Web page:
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After publication of the Rai staging system and the general realization that patients with anemia and thrombocytopenia defined high-risk CLL, the question arose as how to define the nonanemic, nonthrombocytopenic patients who constitute 75% of CLL patients. It was felt that the large variability in this group was not well explained. The French CLL group, under the leadership of Binet, proposed in 1977, revised in 1981, and presented in 1981 a new classification based on three prognostic groups: C, B, and A (49-51). Group C was defined as anemia (Hgb < 10 g/dL) and/or thrombocytopenia (platelets < 100,000 ^L); group B as no anemia, no thrombocytopenia, three or more involved areas (counting as one each of the following: cervical, axillary, inguinal lymph nodes, whether unilateral or bilateral, spleen, and liver); and group A as no anemia, no thrombocytopenia, and less than three involved areas. In the study group that they used, the distributions of patients were 15% in group C, 35% in group B, and 50% in group A. The median survivals were 2 yr in group C, 7 yr in group B, and in group A survival did not seem to differ at the time from that of the French population of the same age and sex as noted by Binet in 1988 (52).

After the emergence of the Rai system, Montserrat and Rozman (53), in an analysis of prognostic factors in CLL, noted in 1988 that the widely used Rai staging system had been confirmed in more than seven or eight studies. They classified their 269 patients according to both the Rai and Binet systems, and their figures are shown for the sake of comparison (Figs. 30 and 31). They note the problems that still exist regarding the limitations of these staging systems: too many clinical stages in the Rai system; [it should be noted that in 1987 Rai (54) also revised the original five groups down to three groups]; lack of an explanation for median survival of Rai stage II patients being the same as the whole population of CLL patients; failure to separate out the causes of anemia and thrombocytopenia on the basis of marrow failure or autoimmune destruction as separate prognostic groups; and failure to identify progressive and quiescent clinical forms in either Rai stage 0/I or Binet stage A. In 1988 Binet (52) made an extensive comparative analysis of the Binet and Rai systems: the low-risk stages A (0), A (I), A (II); the intermediate-risk stages B (I), B (II); and the high-risk stages C (III) and C (IV). As would be expected, Binet stage A contains more better outcome patients (66%) than Rai stage 0 (31%); both Rai stage I and II patients can be further subdivided in into Rai stage IA and IB and Rai stage IIA and IIB, with prognostic significance. Rai stage IA contains two-thirds of the patients, and Rai stage IB contains one-third of the patients, with 5-yr survivals of 78% and 52%, respectively. Rai stage IIA contains one-third of the patients, and Rai stage IIB contains two-thirds of the patients, with 5-yr survivals of 68% and 38%, respectively. See Figs. 32 and 33 for a comparison of the Rai and Binet systems, and see Fig. 34 for the overall survival of Rai stage IA and IB, Rai stage IIA and IIB, and Rai stage IIIA, IIIB, and IIIC. Of course the Binet system confirms the poor prognostic outcome of the anemic and thrombocytopenic patient (52).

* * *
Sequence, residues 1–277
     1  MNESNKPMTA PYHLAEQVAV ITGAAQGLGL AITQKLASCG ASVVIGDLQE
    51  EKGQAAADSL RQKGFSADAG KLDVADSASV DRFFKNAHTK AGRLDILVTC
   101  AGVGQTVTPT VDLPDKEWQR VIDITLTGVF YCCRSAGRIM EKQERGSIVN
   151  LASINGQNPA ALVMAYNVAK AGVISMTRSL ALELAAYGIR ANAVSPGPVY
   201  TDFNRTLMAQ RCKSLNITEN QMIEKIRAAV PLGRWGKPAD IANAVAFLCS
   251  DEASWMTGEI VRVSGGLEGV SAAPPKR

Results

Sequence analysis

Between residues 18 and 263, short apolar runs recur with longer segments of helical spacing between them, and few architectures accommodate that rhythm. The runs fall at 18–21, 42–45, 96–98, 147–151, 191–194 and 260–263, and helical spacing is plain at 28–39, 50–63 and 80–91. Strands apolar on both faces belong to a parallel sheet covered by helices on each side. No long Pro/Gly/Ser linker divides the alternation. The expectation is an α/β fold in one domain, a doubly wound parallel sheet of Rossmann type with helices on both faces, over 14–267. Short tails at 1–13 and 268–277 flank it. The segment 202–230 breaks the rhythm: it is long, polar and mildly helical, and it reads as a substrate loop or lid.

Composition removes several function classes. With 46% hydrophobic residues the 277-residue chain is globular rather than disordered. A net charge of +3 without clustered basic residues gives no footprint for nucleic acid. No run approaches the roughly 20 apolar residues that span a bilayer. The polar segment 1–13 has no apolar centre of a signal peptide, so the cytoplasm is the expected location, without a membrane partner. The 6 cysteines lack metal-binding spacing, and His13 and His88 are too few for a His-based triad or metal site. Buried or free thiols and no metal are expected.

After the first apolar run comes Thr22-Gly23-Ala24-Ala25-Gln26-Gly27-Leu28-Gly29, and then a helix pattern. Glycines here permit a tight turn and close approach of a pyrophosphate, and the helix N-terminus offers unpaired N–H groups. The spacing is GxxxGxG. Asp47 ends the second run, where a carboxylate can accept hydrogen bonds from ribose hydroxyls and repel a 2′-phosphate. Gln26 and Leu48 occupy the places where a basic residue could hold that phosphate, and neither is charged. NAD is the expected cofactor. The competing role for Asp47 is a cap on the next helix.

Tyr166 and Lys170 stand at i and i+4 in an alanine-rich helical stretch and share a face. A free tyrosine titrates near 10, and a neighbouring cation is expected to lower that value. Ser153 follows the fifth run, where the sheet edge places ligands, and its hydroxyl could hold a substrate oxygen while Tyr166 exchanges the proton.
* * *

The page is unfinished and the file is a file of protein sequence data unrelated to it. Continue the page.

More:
Fig. 30. Actuarial survival curves of 269 patients classified according to the Rai et al. staging system. Median survivals are as follows: stage 0, 126 mo; stage I, 92 mo; stage II, 53 mo; stage III, 23 mo; stage IV, 20 mo. (From ref. 53, Montserrat and Rozman, 1988, Fig. 1. With permission from Harwood Academic Publishers, Inc.)

Fig. 30. Actuarial survival curves of 269 patients classified according to the Rai et al. staging system. Median survivals are as follows: stage 0, 126 mo; stage I, 92 mo; stage II, 53 mo; stage III, 23 mo; stage IV, 20 mo. (From ref. 53, Montserrat and Rozman, 1988, Fig. 1. With permission from Harwood Academic Publishers, Inc.)

YEARS

Fig. 31. Actuarial survival curves of 269 patients classified according to the Binet et al. staging system. Median survivals are as follows: stage A, 128 mo; stage B, 47 mo; stage C, 24 mo. (From ref. 53, Montserrat and Rozman, 1988, Fig. 2. With permission from Harwood Academic Publishers, Inc.)

Years

Years

Fig. 32. Stages A, B, and C-COP cases. Overall survival according to Rai's staging (second interim analysis). (From ref. 52, Binet, 1988, Fig. 6. With permission from Harwood Academic Publishers, Inc.)

Fig. 32. Stages A, B, and C-COP cases. Overall survival according to Rai's staging (second interim analysis). (From ref. 52, Binet, 1988, Fig. 6. With permission from Harwood Academic Publishers, Inc.)

Years

Years

Fig. 33. Overall survival according to the (A, B, C) staging (second interim analysis); group C includes only COP treated patients. (From ref. 52, Binet, 1988, Fig. 5. With permission from Harwood Academic Publishers, Inc.)

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